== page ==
Author speaks about the virtues of kindness

    Author Tim Sanders signed copies of his new book, “”Love Is the Killer App: How to Win Business and Influence Friends,”” and shared his business strategies with attendees at the UCSD Bookstore on March 7.

    Chris Padfield
    Guardian

    Sanders said people who are “”lovecats”” do well in business.

    “”A lovecat is a businessperson who defines himself by sharing and being kind,”” he said.

    Sanders explained that contrary to the common conception of the shrewd, mean businessperson who gets ahead, it is the opposite kind of person who gets far in life.

    “”Nice, smart people succeed,”” Sanders said.

    Sanders highlighted the lovecats hierarchy in his book: compassion, networking and knowledge. He gave the example of a person sharing his rolodex with another person without expectation.

    Sanders also explained how his book has special importance in the Sept. 11 aftermath.

    “”When I went to New York, people talked about how irrelevant work really was,”” Sanders said. “”Everything was made up and the only real thing was that people were alive. People are now searching for meaning in their lives, not money.””

    Sanders encouraged students to read books to deal with change in life and at work. He explained that a person’s worth to an employer cannot be measured by age, but by his knowledge and other skills.

    Sanders said he wanted his book to be appealing to all audiences, including students.

    “”Young people need to get hope,”” he said. “”Everything I’ve heard about corporate America is not always true.””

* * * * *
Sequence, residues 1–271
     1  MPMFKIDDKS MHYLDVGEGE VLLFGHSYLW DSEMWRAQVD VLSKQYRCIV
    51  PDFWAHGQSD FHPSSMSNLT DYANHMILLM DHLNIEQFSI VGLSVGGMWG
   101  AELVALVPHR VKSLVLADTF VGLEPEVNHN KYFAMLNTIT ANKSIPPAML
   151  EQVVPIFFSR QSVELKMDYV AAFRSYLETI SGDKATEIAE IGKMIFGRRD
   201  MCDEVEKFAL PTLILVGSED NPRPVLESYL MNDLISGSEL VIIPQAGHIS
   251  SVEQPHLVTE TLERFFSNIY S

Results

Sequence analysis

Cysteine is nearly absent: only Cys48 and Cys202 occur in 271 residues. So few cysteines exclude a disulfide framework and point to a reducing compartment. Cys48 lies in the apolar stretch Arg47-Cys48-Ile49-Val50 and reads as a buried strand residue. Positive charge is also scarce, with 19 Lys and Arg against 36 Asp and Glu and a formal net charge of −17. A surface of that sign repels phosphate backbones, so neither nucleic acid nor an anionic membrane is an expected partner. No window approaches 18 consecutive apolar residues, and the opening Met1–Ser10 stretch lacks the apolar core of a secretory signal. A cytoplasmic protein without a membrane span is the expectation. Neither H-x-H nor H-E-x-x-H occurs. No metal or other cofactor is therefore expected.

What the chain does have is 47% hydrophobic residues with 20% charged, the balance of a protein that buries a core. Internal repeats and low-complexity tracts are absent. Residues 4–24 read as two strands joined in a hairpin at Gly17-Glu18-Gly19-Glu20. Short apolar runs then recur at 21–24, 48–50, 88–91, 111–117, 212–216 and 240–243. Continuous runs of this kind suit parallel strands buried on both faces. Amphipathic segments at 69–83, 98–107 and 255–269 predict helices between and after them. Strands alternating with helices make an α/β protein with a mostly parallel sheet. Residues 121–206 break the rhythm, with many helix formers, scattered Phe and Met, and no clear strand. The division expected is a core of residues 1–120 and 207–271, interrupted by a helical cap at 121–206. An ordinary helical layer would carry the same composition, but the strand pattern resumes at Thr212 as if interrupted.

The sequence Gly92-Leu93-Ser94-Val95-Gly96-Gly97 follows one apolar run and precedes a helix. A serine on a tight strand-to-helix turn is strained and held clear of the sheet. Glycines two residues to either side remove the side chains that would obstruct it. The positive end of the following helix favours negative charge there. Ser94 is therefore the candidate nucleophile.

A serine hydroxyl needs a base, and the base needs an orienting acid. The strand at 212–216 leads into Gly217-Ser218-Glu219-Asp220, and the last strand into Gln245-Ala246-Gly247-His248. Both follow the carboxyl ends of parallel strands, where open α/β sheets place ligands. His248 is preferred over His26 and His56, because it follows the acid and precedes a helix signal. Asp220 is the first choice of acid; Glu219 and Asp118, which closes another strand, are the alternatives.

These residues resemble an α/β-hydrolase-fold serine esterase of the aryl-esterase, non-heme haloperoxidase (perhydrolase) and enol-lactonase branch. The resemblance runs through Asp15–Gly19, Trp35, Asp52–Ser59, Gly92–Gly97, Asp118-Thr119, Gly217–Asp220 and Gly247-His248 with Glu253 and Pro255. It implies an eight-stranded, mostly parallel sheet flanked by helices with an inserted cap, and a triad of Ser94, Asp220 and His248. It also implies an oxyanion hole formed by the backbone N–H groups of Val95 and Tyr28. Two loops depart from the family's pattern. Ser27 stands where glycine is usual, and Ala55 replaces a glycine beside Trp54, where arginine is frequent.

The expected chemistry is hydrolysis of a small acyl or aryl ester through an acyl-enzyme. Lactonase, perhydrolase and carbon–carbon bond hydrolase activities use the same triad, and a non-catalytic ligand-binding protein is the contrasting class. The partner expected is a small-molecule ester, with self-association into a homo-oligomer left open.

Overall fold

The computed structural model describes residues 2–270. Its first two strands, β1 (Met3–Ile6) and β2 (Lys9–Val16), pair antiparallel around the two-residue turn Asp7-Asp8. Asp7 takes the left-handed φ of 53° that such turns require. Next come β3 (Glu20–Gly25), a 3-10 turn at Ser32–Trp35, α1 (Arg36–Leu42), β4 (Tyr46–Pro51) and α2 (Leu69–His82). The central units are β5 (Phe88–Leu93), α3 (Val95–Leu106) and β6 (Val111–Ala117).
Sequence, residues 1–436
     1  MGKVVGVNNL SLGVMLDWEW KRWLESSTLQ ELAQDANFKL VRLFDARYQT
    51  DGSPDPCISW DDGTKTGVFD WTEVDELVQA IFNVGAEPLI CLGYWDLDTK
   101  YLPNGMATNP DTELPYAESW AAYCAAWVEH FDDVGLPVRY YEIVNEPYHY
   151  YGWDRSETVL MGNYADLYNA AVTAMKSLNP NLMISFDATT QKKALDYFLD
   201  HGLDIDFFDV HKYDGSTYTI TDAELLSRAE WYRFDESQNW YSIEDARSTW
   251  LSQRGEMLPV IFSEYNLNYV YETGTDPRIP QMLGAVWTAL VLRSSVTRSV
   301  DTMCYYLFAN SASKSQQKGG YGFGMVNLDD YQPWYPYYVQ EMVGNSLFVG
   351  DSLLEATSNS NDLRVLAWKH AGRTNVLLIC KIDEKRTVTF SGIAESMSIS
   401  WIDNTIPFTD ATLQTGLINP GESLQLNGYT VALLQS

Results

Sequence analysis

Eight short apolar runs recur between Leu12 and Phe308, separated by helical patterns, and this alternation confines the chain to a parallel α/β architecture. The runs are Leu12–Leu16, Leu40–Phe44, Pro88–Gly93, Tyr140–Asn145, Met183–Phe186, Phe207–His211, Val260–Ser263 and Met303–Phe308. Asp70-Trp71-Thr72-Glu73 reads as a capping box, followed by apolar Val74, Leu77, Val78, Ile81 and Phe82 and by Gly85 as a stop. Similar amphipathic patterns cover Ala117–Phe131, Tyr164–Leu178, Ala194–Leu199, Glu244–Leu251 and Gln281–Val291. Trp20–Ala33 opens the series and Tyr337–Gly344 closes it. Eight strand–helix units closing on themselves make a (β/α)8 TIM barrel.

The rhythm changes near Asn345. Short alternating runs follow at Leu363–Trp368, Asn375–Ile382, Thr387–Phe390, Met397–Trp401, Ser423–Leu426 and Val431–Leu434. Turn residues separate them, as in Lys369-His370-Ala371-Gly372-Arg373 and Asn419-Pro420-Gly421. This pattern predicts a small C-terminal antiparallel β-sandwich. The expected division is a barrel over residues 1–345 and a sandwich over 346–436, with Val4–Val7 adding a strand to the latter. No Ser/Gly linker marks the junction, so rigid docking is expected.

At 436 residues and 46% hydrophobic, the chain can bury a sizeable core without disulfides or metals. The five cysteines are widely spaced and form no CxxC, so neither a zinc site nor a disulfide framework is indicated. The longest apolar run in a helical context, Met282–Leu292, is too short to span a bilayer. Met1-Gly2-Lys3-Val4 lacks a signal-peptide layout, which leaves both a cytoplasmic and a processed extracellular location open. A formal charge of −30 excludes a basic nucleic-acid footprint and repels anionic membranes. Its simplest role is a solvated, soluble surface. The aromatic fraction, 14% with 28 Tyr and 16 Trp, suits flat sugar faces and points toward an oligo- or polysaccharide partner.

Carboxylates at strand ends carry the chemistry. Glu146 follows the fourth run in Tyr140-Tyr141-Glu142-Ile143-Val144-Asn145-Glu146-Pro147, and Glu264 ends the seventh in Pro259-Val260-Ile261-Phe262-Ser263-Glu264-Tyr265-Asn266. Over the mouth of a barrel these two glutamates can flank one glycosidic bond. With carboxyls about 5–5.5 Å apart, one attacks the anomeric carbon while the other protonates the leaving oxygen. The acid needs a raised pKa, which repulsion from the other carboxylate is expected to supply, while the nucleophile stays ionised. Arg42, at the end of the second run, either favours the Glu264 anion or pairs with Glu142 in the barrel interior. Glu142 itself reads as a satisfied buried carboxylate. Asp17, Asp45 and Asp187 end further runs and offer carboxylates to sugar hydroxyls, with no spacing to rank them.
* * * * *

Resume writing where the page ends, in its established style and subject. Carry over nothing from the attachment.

Sanders’ book did have an impact on some students in attendance.

    “”[The book] almost goes against the grain of being mean and self-interested to get ahead,”” said Eric Goldman, a senior at Earl Warren College and a bioengineering student. “”It makes you think about what you can do for others. Because of this book I’ve just bought eight more books.””

    Goldman said he liked the examples Sanders used in his book. Sanders praised Southwest Airlines for being a compassionate, family company that follows the kind of business philosophy he writes about in his book.

    “”Southwest hires nice people first, qualified people second. [After the airline layoffs of Sept. 11], they are taking venal people and requisitioning their jobs,”” Sanders said.

    He said that with competition in the job market, friendly people are less likely to be laid off because people don’t want to put up with people who are negative.

    “”The book helps to deal with people and build initiative,”” said Huong Lai, an economics major. “”I have read some of it and I thought it had good concepts on business-building.””

    Sanders is currently on his national “”Winter of Love”” book tour and is the Yahoo chief solutions officer. Before working for Yahoo, Sanders worked for the Discovery Channel and Southwestern Bell Mobile. He said he has always enjoyed working on the cutting edge of technology.

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